What Would Kay Ryan Do? Or: Strange Man Accuses Poet of Heinous Preamble

This past weekend, I had the pleasure of reading at Seattle’s beautiful Vermillion Art Gallery together with my mentor, Carolyne Wright, in an event sponsored by the wonderful people at Old Growth Northwest. It was a delightful night–the house was packed, the mood was lively, and the audience seemed to enjoy what we were reading. The event was one of the livelier, more fun events I’ve done in Seattle this year, and I was feeling great afterward.

Until I got an unsolicited after-reading critique, that is.Ā 

Usually, after an event, some people come up to me to chat, and I always love that. I meet other writers, I get to talk about interesting ideas with people who heard something that sparked their imaginations, and I make new connections with people. And a fair amount of that happened–a number of a lovely people gave me lovely remarks about my reading, and I hope that each of them truly did enjoy the event.

But then an older man came up to scold me about the fact that I gave a preface to my reading, and offered some brief comments between poems.

Giving a little of what I like to call “rock talk” is usual for me: I always thank the audience and the venue for listening and hosting, respectively. And I like to give between one and three sentences worth of context, transition, or anecdote between poems, and this night was no different. Furthermore, given the fact that I was reading from my novel-in-poems for the first time, I thought it might be nice to mention that the book was coming out next fall and sketch the general premise. I don’t give rock talk that’s longer than my poems–just brief tidbits between.

This guy was not well pleased with the thanking and the contexutualizing. He felt that I should be more like Elmore Leonard, he said, in that Mr. Leonard, I guess, believed in no such thing as prefacing. (I don’t know enough about Mr. Leonard to support, deny, or qualify that statement!)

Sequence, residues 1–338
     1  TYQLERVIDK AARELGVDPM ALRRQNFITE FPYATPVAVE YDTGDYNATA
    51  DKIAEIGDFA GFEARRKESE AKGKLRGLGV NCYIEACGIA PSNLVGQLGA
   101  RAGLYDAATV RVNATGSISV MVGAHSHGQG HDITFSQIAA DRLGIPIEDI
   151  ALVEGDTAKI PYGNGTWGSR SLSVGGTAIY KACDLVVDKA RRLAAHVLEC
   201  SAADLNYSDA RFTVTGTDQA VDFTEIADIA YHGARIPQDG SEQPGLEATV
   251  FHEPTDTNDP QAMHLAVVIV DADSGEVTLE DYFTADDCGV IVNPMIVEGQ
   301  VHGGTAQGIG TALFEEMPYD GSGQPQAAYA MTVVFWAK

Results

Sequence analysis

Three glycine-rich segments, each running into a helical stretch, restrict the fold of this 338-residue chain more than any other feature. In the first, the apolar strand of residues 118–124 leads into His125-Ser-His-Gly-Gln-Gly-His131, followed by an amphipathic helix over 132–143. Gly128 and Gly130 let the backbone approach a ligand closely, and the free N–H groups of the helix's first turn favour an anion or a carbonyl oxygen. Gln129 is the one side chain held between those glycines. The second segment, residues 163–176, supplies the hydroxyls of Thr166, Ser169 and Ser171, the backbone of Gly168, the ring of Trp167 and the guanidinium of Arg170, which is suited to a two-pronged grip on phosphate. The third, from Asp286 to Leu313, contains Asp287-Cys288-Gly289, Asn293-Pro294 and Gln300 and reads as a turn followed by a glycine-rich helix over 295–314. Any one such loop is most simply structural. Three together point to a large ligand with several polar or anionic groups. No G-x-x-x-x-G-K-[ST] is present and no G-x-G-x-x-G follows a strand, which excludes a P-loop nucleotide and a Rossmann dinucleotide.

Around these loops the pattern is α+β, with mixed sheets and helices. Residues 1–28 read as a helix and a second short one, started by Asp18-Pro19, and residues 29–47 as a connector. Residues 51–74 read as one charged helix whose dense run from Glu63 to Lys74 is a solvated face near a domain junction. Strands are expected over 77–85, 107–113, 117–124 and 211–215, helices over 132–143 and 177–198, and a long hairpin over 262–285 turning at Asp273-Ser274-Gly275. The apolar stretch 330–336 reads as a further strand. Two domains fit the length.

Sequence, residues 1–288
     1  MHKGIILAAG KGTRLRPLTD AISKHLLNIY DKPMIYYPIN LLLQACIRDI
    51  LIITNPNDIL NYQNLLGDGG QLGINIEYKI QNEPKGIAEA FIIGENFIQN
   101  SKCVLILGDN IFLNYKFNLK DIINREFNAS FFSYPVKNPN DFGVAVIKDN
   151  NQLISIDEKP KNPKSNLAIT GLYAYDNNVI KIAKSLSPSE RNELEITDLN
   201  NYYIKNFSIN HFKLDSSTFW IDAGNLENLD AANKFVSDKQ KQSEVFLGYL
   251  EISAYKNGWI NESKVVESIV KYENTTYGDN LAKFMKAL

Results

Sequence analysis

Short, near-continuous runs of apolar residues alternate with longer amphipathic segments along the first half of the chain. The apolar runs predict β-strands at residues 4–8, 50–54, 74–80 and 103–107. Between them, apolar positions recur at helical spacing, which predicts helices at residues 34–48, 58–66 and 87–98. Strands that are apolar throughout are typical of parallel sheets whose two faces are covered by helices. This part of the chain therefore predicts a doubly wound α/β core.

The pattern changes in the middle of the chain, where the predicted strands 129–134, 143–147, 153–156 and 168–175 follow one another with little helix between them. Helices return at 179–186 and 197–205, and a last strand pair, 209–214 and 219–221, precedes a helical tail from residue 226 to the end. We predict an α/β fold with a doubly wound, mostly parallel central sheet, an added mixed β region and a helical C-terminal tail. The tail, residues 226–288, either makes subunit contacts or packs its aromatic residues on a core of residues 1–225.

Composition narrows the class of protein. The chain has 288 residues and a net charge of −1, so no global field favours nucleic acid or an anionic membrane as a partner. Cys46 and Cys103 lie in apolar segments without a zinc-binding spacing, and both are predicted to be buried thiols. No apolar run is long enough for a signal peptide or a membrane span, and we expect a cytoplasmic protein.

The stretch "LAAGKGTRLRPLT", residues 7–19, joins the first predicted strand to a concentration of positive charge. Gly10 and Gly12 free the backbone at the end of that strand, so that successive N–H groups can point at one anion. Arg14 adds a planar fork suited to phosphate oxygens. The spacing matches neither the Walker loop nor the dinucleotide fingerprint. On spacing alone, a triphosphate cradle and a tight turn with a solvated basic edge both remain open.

I’ve never before had an audience member come up to me to give negative feedback about a reading, because, well, who does that? Most strangers are polite enough to keep unsolicited critiques to themselves at performance events. I’ll be honest: I was mortified by this man’s comments, and I have to wonder how many positive remarks about my readings he managed to undo with one rude one. Let’s be clear: getting up in front of people and sharing your work is not easy. It takes a lot of time to build the confidence to do it with aplomb, and it’s unfortunate when that confidence finds itself demolished. By the end of the weekend, this man had me wondering whether I really had given the most boring, obtuse reading of all time.

As I was trying to determine whether I really was a lousy poet, I was also surprised that this man felt he’d rather hear a rapid-fire reading of poems, one after the other, without any kind of context. For me, just as I don’t like to see a band that doesn’t engage the audience at all when it’s swapping instruments or retuning for a new song, seeing an author give a semi-automatic-style reading would be boring and awkward.

I thought about the kinds of readings I like to hear, and I don’t think I’ve heard a better poetry reading than one given by Kay Ryan last year in Pasadena. The minimalism of her poems glowed against the humor, warmth, humanity, and intellect of the comments that she gave, and I came away not only with a renewed appreciation for her work, but also with a sense of the person behind the work. I feel that I know something more of who Ryan is as a person, even though I’ve never met her. And so what if that means that her poems don’t “stand alone” in a reading? Poems don’t stand alone in the universe at all–not really. Poems are the products of the people who write them, not archeological artifacts to be presented without comment.